“It makes me happy when I see my children around me. If they go to another country, they will be made to work as slaves and treated badly. They might as well stay here and work hard and not be exposed to thieves or have to resort to desperate measures to survive. What I dread most is having my child return in a coffin,” Timothy says.

 In 2017, so many of Timothy’s animals died of starvation that he lost count. He started planting velvet beans in 2018. Through Caritas Zimbabwe, CRS linked Timothy to commercial seed companies who provide him with velvet bean seed to plant and then buy his seed harvest at the end of the season. In two of the driest seasons in recent history, Timothy has been able to bounce back from his 2017 loss. He increased his herd from 50 cattle to 84. To diversify his earning, he opened a drinks store and a butcher shop that his sons manage.

These days, when Timothy looks to the future, he has hope that his family will stay together.

“My children work the farm with me,” he says. “When I work hard in the field, I am thinking of my children. I don’t want them to have to cross over to South Africa because they cannot find work here. I want them to stay and work with me.”


tilling a Zimbabwe field

Timothy Ngulvhe and his son till his fields in Lukange, Zimbabwe.

Photo by Bad Rabbit Studios for CRS


Critical access to markets

It is becoming increasingly important for farmers to practice climate-smart farming methods as predictions show that climate events such as droughts, floods, and storms will continue to worsen. Providing farmers with skills is the first step to ensuring that they continue to maximize the resources they have.

As farmers embrace these methods and begin to produce more, another critical step in building farmer and community resilience is to provide a market prepared for increased harvests. Through farmer groups and learning centers, CRS builds connections between poor farmers in rural areas and companies or organizations that buy their produce. In the Lutumba learning center in Beitbridge, for instance, farmers learn new agricultural methods and pool their produce to sell to seed companies. Farmers get a better price if they sell as a collective rather than if they sold alone in the open market.

The new methods help farmers make the best use of water and other dwindling natural resources. In 2016, before the drought began, it took farmers about two hours of mechanized pumping to fill a 10,000-liter tank of water. At the height of the drought this year, farmers spent six to seven hours pumping the same drum full of water. One new strategy CRS is teaching farmers is drip irrigation that uses less water to grow crops on larger areas of land.

“Drip irrigation allows you to use 90,000 gallons of water to irrigate 2.4 acres of land. Before, we used flood irrigation which consumed two million gallons of water for 2.4 acres. The drip irrigation system is expensive to set up, but we save costs by not having to pump water for long hours and can plant larger portions of our fields, so in the long run, it is better,” Davidson Matiza, the chairman of the Lutumba learning center says.


Zimbabwe child holds a goat

Raina Ndlovu, a member of the the Tusunami Goat Private Company, and her grandson with a baby goat in Fula, Zimbabwe.

Photo by Dooshima Tsee/CRS


Another strategy is goat farming. CRS encourages farmers to raise goats because goats do better in scarce water and food conditions, are easier to care for and less prone to diseases.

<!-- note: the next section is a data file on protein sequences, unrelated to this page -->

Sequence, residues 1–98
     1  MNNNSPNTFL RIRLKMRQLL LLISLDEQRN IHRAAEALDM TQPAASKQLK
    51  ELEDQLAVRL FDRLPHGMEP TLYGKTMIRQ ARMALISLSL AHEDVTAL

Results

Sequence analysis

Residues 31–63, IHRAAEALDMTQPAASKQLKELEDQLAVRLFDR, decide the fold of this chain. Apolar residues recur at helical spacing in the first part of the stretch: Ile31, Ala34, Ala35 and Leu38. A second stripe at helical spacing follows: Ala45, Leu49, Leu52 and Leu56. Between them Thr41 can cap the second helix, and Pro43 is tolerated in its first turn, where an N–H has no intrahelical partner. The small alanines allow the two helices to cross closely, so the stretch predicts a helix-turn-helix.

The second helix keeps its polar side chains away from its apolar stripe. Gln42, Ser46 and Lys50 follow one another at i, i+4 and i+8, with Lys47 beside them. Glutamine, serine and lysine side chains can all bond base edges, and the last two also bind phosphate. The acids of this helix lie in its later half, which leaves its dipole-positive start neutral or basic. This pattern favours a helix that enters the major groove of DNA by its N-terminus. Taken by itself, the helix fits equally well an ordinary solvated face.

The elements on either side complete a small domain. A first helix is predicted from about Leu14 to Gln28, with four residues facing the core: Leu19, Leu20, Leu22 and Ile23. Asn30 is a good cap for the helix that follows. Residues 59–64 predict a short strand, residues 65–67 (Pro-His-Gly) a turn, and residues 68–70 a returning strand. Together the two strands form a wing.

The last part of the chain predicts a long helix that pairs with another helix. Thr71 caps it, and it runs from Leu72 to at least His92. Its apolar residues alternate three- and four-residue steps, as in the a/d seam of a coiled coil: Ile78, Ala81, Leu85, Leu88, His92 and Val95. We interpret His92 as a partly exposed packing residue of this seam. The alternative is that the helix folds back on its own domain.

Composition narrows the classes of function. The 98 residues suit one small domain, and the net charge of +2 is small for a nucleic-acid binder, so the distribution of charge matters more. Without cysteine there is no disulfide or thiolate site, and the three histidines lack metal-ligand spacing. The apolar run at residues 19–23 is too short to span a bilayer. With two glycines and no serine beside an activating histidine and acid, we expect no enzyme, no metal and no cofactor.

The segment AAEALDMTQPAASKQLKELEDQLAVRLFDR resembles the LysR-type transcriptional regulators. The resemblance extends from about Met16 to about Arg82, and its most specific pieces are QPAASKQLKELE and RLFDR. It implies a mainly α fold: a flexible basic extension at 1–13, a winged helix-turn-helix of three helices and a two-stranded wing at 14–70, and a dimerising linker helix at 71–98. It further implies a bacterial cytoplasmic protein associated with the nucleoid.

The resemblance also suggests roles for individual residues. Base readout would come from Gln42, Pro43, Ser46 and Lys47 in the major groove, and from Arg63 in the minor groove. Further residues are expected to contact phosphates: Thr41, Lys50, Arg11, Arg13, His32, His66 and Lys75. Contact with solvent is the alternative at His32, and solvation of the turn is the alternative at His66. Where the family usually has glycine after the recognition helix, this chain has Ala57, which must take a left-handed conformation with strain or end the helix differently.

In Fula village, also in Beitbridge, six members of a learning center started a private livestock company in 2015, to raise and sell goats. They called it the Tusunami Goat Private Company. CRS trained the company members to care for the animals and provided support to help the group set up the company. CRS also connected the Tusunami company with the International Livestock Institute which provided a $3,000 loan so the company could buy an initial stock of 93 goats. The Institute takes samples from the Tusunami herd every 45 days. These samples are part of research to improve goat feed technology that will benefit farmers all over Zimbabwe.

Ngiseni Muleya, one member of the company, says, “I used to think companies were only formed in big cities by important people but they told us even the biggest companies in America started small. They helped us register the company and set up a bank account. When we could not get loans from banks, they helped us apply for a loan from the Institute.”


Zimbabwe goat herd

Raina Ndlovu tends her goats made possible in part by a loan from the International Livestock Institute. Photo by Elie Gardner for CRS


The Tusunami Goat Private Company has paid off the loan they took from the institute. In the next few years, they hope to expand company operations and buy a threshing machine. They will use the machine to thresh their animal feed and offer to thresh for other community members for a fee.

“There is so much demand for our goats that we do not even have to do much marketing. Our customers tell other people and the word spreads. Eventually we hope to buy our own vehicle to transport our goats and sink a borehole to make it easier to water our herds. We also hope to contribute to our community by hiring people so they can learn from seeing us do these things. Maybe we can even pay school fees for poor students,” Raina Ndlovu, a company member, says.

Adjusting to climate change might seem daunting, but the farmers CRS serves in Zimbabwe are prepared. Their hard work is helping them produce more to feed their families and opening doors to exciting new ways farmers can earn money to pay school fees, offset medical bills, and save to cushion the effects of erratic climate patterns.